Like a Woman

BitchPlanetNoncompliant. The OED, The Random House Dictionary, Collins English Dictionary, and a host of online dictionaries all seem to agree that a noncompliant is one who does not comply, obey, or follow the rules and regulations of law, religion, or other societally governing forces (mores, anyone?). As writer and creator of Feminist Ryan Gosling Danielle Henderson rhetorically asks in her sharp and thoughtful backmatter to Bitch Planet #1, how many women do you know who are noncompliant?

This week, I recommend another ongoing Image Comics title, Bitch Planet #1-3 by Kelly Sue DeConnick (writer), Valentine De Landro (artist, #1 and #2, covers ongoing), Cris Peter (colorist), Clayton Cowles (letterer), and Robert Wilson IV (artist, #3). Each issue has backmatter, which is just as essential to this comic as the page layouts and scripting choices. Essays by Danielle Henderson (#1), Tasha Fierce (#2), and Megan Carpentier (#3) extend and dissect conversations that the comic both participates in and will inspire about race, feminism, patriarchy, the carceral system, body image, and popular media. If that weren’t enough, the backmatter also contains letters from DeConnick, tweets and Instagram photos from readers, and on the outside back cover, a cool nod to golden age and early silver age comics that comes in a spoof ad page. The ads offer x-ray specs, bird-flipping “spirit fingers,” “gynotism” lessons, and “missed connections” that remind us of the deranging effects of patriarchy while throwing in a joke or two.

Those of you who read my 100 Demons! and Pretty Deadly recommendations here on CBC know that I am a life-long comics reader; though I read across genres, auteur titles, and indie comics, I adore genre comics—especially science fiction and horror comics. Bitch Planet is a genre comic that depicts a dystopian future, but one that is not hard to imagine at all because an astounding amount of its elements are already here. There’s a bit of The Running Man, Transmetropolitan, Battle Royale, Russ Meyer, Roger Corman, and just a little Hunger Games in Bitch Planet; however, this comic does not just pay homage to dystopian, sci-fi, exploitation cultural productions. It turns them on their heads. Ever notice what happens to people of color, especially women, in most science fiction? Ever notice how women’s bodies are used or portrayed in all of the genres mentioned above?

In the first issue, DeConnick constructs a plot that’s so lean and muscular, the twist feels less like a device and more like a Cirque du Soleil choreographic gesture plus violence. Embedded in the twist is the very crux of the matter that Bitch Planet examines, which becomes quite clear when you get there. (I’m avoiding spoilers by being deliberately vague.) Just know that you may ask yourself why you thought things were going to go one way or another, especially after they do not. You may shudder and realize how one event in the first issue encapsulates and stands in for a long history of the divisiveness that racism and classism cause in groups of women and larger society. Or, you may shrug and say, “Damn. Figures. I can’t wait to read the next one.”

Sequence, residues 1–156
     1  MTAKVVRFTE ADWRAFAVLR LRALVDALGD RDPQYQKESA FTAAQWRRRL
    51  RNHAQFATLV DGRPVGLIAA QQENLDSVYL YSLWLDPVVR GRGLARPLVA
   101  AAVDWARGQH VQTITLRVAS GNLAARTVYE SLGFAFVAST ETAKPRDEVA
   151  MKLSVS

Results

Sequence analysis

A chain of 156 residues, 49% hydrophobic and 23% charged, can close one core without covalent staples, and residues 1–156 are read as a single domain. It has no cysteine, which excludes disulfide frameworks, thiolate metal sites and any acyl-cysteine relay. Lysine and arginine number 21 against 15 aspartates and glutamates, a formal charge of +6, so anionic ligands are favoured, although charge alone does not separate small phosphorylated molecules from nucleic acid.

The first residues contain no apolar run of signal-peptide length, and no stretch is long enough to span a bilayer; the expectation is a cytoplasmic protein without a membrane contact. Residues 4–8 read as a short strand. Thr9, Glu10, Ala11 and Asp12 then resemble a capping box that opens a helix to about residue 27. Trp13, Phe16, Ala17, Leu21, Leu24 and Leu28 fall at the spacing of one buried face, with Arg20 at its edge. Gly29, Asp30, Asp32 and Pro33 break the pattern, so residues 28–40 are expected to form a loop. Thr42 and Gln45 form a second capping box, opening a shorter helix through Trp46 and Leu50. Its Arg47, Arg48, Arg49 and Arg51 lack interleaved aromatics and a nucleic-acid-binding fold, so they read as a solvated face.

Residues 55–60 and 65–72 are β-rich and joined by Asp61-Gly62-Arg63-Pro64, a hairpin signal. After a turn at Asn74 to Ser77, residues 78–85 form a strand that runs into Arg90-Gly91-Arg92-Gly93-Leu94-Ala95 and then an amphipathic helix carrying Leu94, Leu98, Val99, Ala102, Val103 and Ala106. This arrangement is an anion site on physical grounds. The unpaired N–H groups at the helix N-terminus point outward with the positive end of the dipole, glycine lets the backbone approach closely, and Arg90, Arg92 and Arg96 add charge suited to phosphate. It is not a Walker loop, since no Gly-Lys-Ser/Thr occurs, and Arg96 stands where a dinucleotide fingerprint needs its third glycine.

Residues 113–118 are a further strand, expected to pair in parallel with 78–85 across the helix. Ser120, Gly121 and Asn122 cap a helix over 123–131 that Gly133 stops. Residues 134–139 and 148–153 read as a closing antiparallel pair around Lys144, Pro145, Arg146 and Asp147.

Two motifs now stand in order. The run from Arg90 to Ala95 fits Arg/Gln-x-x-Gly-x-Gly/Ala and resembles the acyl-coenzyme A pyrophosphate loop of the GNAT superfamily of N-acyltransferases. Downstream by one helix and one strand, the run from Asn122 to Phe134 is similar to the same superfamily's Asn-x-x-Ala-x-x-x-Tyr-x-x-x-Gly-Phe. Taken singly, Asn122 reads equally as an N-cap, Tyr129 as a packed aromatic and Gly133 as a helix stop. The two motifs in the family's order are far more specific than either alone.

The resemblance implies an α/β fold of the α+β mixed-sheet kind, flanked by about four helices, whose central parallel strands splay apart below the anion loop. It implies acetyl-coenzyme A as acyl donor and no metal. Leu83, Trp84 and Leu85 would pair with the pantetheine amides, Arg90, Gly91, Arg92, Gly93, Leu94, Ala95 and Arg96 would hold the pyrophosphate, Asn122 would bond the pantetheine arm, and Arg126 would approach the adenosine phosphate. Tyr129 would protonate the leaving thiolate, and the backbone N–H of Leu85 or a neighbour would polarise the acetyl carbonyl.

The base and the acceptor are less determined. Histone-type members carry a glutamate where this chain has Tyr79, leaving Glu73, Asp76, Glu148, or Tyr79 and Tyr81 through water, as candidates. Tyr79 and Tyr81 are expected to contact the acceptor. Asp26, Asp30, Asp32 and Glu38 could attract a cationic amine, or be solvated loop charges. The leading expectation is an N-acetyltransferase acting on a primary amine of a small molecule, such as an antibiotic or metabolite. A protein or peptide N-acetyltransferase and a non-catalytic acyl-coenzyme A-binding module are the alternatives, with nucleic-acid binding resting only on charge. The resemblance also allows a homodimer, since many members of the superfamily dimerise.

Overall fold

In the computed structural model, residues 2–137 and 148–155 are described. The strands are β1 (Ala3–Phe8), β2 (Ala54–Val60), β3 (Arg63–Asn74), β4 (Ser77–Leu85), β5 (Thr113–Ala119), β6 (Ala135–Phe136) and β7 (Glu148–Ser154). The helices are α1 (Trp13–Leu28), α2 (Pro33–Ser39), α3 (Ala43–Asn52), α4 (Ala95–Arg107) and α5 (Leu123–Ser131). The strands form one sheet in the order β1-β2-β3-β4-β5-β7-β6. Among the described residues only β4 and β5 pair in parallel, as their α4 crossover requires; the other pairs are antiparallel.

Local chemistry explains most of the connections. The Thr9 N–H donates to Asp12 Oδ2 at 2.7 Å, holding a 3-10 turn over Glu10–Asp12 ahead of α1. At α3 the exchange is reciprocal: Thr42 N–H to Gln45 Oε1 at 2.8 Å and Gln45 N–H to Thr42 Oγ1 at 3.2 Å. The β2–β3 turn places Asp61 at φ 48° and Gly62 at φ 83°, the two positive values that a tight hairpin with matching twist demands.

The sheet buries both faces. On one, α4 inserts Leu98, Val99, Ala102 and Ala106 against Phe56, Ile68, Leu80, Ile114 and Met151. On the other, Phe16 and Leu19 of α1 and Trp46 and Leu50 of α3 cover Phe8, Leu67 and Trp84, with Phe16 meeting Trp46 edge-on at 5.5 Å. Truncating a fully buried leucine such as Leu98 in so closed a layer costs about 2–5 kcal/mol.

In the second issue, we learn more about the blood sport that supposedly keeps the peace, the Duemila or Megaton depending on one’s class status. The story also focuses more sharply on one of the protagonists, Kamau (Kam) Kogo, and the inner workings of the prison planet, “Bitch Planet” to many and, in a euphemism that those who trade in political spin would love, the “A.C.O.” or “Auxiliary Compliance Outpost.” In a rather disturbing imaginative rendering of futuristic solitary confinement, Kam is forced to endure torture as one of the CG guards accuses her of a crime she did not commit, killing another inmate, over and over again. Kam proceeds to break one of the glass monitors. My favorite thing about the second issue has to be the way in which Kam refuses to give ground to Operative Whitney in their discussion of a deal, and how she maneuvers the situation to her advantage after talking to her fellow prisoners Violet and Meiko. In the first issue, we see that Kamao Kogo is exceptionally strong and brave and in the second issue, we see that redoubled and expanded in a way that sets her up to be a leader of women, albeit reluctantly at first.

The third issue, “Bold, Beautiful, and Baaaaaad! The Secret Origin of Penny Rolle,” is one of the better origin stories I’ve read in any comics series. Like many origin stories, we go back to Penny’s childhood, through her adolescence, and into her adulthood. So too like many origin stories, young Penny’s path is full of serious difficulties. Penny is a noncompliant from girlhood; she is big and strong, she loves her mama, she is mixed-race, and she stands up for herself and her family. She does nothing wrong, but “in the father’s eyes” and in the eyes of many around her, Penny is the wrong size, the wrong color, and the wrong self-presentation. In what might be my favorite scene in the comic so far, Penny stares back into the visual “idealized actualization,” think a mirror with input from electrodes attached to someone,” and laughs. Penny sees her ideal self and she is her ideal self.

Issue #4 of Bitch Planet will be released April 1st from Image Comics. Go there.

Annie D’Orazio is seriously considering getting a noncompliant tattoo. If you read Bitch Planet, then you will know what that means. She is grateful for writers and thinkers like Danielle Henderson, Tasha Fierce, and Megan Carpentier and their contributions to such a great comic book. You can follow Annie on twitter. She just started her dissertation and has the dirty kitchen to prove it.


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